Most people in the capital city of Belarus become infected with HIV from injecting drugs. As a result, a nongovernmental organization in Minsk and the government have responded with HIV mobile testing clinics, drop-in centres and peer counselling to establish trust with people who often shy away from official health services.
Last year, more than 10 000 people visited the three mobile clinics positioned around the city of Minsk offering HIV testing, care and support services. Of 4000 people tested who inject drugs, more than 500 tested positive for HIV.
Word-of-mouth lets people know the mobile clinics are parked up. Positive Movement, the Minsk-based nongovernmental organization that operates the clinics, also lists their locations on its website. In the van-sized clinics you can get an HIV test, talk to a doctor or simply drink tea and chat with peer counsellors.
Positive Movement staff members have first-hand knowledge of issues affecting their clients. Of the 200 employees working there, more than three quarters have been affected by drug use and/or HIV.
“At first, employees were clients, now they are board members,” says Irina Statkevich, the head of Positive Movement’s board. “We believe that harm reduction works and that we can defeat HIV infection,” she says. “If we decide that this service is needed by our customers, we will do everything to get it!”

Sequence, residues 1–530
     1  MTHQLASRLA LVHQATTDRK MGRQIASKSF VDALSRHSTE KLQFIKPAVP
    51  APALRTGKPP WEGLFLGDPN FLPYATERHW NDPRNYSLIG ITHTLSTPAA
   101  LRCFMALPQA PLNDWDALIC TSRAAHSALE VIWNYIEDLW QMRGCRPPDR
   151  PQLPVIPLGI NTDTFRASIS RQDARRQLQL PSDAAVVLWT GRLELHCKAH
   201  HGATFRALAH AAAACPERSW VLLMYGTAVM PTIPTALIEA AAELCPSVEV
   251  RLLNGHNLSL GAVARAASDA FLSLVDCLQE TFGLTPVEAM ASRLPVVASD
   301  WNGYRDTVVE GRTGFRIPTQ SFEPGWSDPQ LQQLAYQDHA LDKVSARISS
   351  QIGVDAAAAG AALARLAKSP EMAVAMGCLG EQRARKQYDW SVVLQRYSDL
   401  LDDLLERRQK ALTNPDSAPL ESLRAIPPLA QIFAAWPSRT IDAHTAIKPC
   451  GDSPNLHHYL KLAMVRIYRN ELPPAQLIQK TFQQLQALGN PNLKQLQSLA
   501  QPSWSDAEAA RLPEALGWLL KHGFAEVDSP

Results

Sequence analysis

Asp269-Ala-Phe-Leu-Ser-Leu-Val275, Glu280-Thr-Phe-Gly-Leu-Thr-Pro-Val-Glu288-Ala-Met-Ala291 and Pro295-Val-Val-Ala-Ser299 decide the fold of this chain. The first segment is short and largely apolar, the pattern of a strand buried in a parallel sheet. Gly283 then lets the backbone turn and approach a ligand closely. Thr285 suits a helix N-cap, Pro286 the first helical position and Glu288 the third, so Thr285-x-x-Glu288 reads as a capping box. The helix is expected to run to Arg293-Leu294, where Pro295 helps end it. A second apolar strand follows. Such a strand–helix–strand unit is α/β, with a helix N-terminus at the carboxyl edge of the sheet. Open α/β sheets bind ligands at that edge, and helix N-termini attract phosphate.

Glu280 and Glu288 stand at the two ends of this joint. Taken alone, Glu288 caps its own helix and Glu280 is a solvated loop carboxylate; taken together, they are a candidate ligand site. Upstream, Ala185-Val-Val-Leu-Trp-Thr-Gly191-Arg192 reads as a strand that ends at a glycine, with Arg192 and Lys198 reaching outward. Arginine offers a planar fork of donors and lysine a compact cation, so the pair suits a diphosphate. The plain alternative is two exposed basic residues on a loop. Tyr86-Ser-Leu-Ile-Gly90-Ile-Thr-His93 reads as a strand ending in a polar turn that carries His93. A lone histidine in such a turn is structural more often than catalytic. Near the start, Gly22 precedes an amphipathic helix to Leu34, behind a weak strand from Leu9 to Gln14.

Above, Positive Movement’s office
Eight years ago, when she started working at the organization, she explains that it was impossible to utter the words needle and syringe exchange programme. “We had to do things incognito.”
Now they have drop-in centres open all day that not only provide clean needles and syringes but also food, HIV testing and a place to wash as well as legal and medical counselling. Peer-to-peer consultant Julia Stoke likens the centres to safe-havens.
Above, Julia Stoke, peer consultant in Drop-in centre
“This is an island of security,” she says. “A person who uses drugs has a need for safety first, then trust, and then a range of services.”
Vyacheslav Samarin agrees. As a social worker at one of the drop-in centres, he explains that people who use drugs often face difficult situations like a loss of housing, a lack of documents, poor health and sometimes nothing to eat and nowhere to sleep. “In many cases,” Mr. Samarin says, “One problem often leads to another.”
Above, Vyacheslav Samarin, a social worker at a drop-in centre in Minsk
“Many are in denial about their health,” he continues. Many clients fear stigma and have different priorities. He says it’s key to support people and not let them feel defeated and abandoned.
“At the very beginning, people do not want to believe their diagnosis, so we are careful to talk to them about starting treatment,” says the red-haired social worker.
Over the years he has noticed changes. “Today there are more treatment methods and the staff listen much more to people living with HIV.” He says that relationships between patients and doctors are much improved.
Also, the government of Belarus has been much more supportive of the work.
Tatiana Migal from the ministry of health confirms this. “By working on HIV prevention among people who use drugs and supporting people living with HIV for nine years, Positive Movement has not only gained considerable experience in this field but has also contributed significantly to reducing HIV infection among people who inject drugs.”
Ms Migal stresses the importance of peer counselling, social support centres and syringe exchange programmes as well as methadone substitution therapy.
“According to estimates by the World Health Organization and UNAIDS harm reduction programmes will help overcome the HIV epidemic in Belarus,” she says.